New York

New York, the foremost State in the American Union in population, wealth, commerce, and manufactures, the twenty-fifth in area, and is about the size of England; is triangular in shape, with a north-western base on Lakes Erie and Ontario, and an eastern apex reaching the Atlantic between Connecticut (N.) and New Jersey (S.). Manhattan, Staten, and Long Island are the most important of many islands belonging to the State. The land slopes from the mountainous E. to the shores of the great western lakes, and is pleasantly diversified with mountain, valley and plain, forest and river. The Hudson, Oswego, Genesee, and Niagara (with its famous waterfall) are the principal rivers, while the St. Lawrence forms part of the northern boundary. One-half of the area is under cultivation; the vine flourishes, hops and tobacco are grown, and market-gardening prospers near the large cities; but manufacturing is the chief industry, and the transit of goods is greatly facilitated by the many waterways and network of railways. Was finally occupied by the English in 1664, after the expulsion of the Dutch.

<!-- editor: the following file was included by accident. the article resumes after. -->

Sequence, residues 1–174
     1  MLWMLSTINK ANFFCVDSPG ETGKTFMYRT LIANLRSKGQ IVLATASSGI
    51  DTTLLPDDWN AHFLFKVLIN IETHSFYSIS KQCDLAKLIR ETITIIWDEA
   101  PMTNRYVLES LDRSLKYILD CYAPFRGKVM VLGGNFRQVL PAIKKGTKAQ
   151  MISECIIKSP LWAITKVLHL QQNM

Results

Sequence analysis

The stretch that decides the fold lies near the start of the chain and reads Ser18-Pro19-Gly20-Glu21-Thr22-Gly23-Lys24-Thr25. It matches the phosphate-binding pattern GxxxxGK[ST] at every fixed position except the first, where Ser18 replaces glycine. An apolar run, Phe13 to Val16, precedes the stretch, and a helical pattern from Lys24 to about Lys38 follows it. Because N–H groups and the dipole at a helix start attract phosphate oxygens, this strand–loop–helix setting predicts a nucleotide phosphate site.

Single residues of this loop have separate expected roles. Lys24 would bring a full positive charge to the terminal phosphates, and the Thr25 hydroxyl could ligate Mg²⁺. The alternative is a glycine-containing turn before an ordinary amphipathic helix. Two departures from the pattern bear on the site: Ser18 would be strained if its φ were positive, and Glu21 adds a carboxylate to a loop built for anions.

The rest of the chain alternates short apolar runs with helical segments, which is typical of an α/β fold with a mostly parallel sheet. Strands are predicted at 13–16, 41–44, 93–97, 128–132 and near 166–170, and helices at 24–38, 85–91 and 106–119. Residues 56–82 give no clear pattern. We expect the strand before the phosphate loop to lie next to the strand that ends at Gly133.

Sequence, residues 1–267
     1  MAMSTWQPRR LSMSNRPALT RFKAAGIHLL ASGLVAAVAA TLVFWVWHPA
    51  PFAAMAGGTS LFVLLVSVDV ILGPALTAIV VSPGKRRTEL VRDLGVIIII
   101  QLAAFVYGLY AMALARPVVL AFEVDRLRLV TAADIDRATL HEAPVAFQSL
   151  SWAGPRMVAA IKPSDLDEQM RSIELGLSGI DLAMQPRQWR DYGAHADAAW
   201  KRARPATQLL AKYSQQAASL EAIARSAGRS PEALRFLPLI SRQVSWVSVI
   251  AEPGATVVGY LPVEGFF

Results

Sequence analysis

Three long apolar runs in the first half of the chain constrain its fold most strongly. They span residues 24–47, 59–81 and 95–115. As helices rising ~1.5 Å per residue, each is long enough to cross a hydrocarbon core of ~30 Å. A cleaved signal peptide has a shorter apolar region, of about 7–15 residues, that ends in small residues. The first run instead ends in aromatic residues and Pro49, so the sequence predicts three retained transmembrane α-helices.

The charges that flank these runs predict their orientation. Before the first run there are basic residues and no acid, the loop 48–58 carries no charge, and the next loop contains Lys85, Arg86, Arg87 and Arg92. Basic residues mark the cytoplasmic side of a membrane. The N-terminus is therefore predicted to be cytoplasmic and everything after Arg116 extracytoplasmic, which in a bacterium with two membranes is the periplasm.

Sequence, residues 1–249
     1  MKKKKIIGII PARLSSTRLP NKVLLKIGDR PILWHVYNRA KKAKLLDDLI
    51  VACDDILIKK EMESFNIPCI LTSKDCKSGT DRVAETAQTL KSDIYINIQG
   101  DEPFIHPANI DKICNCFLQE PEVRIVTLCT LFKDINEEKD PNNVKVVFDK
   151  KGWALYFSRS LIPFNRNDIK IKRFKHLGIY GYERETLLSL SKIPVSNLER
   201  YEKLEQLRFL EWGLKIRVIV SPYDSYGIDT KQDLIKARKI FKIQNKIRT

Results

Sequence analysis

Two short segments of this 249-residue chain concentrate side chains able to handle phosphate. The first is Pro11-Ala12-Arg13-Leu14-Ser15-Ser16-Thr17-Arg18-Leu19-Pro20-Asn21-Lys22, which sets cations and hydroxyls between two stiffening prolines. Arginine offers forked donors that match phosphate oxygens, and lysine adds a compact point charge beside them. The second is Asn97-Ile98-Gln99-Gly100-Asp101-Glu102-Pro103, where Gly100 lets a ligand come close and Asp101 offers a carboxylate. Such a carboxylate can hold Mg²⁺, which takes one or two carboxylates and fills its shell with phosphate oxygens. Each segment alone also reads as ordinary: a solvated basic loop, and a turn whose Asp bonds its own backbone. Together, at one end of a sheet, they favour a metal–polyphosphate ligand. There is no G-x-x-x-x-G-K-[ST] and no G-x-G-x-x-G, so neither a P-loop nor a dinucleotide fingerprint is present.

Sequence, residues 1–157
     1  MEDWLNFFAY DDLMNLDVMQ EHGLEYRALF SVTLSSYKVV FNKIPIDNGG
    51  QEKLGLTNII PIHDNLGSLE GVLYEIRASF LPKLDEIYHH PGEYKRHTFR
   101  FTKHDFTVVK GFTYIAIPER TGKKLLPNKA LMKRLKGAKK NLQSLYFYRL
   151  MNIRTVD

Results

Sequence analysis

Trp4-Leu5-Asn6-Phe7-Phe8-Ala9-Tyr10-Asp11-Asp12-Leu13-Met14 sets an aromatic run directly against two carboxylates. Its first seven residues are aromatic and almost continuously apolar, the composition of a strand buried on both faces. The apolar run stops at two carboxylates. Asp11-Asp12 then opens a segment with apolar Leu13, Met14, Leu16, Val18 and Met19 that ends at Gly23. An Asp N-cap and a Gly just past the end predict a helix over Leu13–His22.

Population (circa 1900) given as 5,997,000.

Definition taken from The Nuttall Encyclopædia, edited by the Reverend James Wood (1907)

New South Wales * New York City
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Newcomen, Thomas
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Newman, John Henry


Links here from Chalmers

Adams, John [1735–1803]
Berkenhout, Dr. John
Bradley, James
Bray, Thomas
Brown, John [1722–1787]
Burnet, William
Draper, Sir William
Edwards, Jonathan [No. 3]
Franklin, Benjamin
Holwell, John Zephaniah
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